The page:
The latest thriller from Reich (“The Devil’s Banker”) begins with a bang — one heard from Washington to Wall Street and around the world. On their way to an urgent late-night meeting with the president, the Treasury secretary, chairman of the Fed and chief exec of the New York Stock Exchange are killed when the car they are in goes out of control on the White House lawn and Secret Service open fire. But just before the vehicle erupts in a fiery explosion, the NYSE exec leaves a final clue — a text to his estranged hedge-fund-manager son, Bobby.
The Time Regulation Institute
by Ahmet Hamdi Tanpinar (Penguin Classics)
More than 50 years after the Turkish author’s death, Tanpinar’s satire on state bureaucracy has been translated into English. In this Kafkaesque tale, we follow the adventures of Hayri Irdal, who, after the establishment of the Turkish Republic and its turn toward modernism, has helped create the Time Regulation Institute — to make sure all clocks in Turkey are set to Western time. The government department uses an absurd system of fines enforced by Irdal and his fellow timekeepers, who include a mystic, a pharmacist/alchemist and an official from the old Ottoman empire.
ENTERTAINMENT REQUIRED READING By Billy Heller Industrial Sublime Modernism and the Transformation of New York’s Rivers, 1900-1940 edited by Kirsten Jensen and Bartholomew F. Bland (Fordham University Press) From the 1820s through the turn of the 20th century, artists of … Full Story
New York Times BOOKSHELF
Suggested Reading for de Blasio
By SAM ROBERTS
Published: December 13, 2013
If Harold Bloom, the Yale humanities professor, were to compile a New York version of his “Western canon,” he would face a shelf of books meeting his high standard: that they be authoritative, sublime, representative and distinguished by originality that “cannot be assimilated or that so assimilates us that we ceased to see it as strange.”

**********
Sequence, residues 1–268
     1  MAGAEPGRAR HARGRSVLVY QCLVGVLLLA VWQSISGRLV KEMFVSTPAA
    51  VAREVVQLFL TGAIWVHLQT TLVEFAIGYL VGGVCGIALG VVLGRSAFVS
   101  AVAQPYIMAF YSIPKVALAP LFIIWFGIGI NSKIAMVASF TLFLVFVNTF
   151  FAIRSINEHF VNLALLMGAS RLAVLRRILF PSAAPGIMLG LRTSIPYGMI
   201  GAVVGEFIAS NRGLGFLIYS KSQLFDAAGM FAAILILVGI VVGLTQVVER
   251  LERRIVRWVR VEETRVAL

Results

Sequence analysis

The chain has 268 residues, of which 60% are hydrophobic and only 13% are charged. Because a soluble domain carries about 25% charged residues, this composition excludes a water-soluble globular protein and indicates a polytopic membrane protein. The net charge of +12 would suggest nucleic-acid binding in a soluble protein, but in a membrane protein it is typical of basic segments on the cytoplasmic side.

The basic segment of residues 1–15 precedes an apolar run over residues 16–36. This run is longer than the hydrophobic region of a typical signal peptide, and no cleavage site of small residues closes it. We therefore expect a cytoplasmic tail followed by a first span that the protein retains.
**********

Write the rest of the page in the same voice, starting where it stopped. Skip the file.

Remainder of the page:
Such an urban canon could prove helpful to New York’s next mayor, Bill de Blasio. There are many obvious choices, like “The Power Broker,” “Gotham,” “The Encyclopedia of New York City,” “To Be Mayor of New York” and “A Phoenix From the Ashes.” These Mr. de Blasio may well be familiar with. With only two weeks left before he takes office, here are a few new and recent candidates to make an even 10 for Mr. de Blasio’s Christmas reading (or rereading) list:
“The Accidental Playground: Brooklyn Waterfront Narratives of the Undesigned and Unplanned” (Fordham University Press). Daniel Campo, a former New York City planner, considers the serendipitous development of Williamsburg and concludes: “In contrast to urban space produced through conventional planning and design, the accidental playground that evolved on the North Brooklyn waterfront generated vitality through immediate and largely unmeditated action. The waterfront was there for the claiming, and people went out and did just that without asking for permission, holding meetings or making plans.”
New York Times BOOKSHELF Suggested Reading for de Blasio By SAM ROBERTS Published: December 13, 2013 If Harold Bloom, the Yale humanities professor, were to compile a New York version of his “Western canon,” he would face a shelf of books meeting … Full Story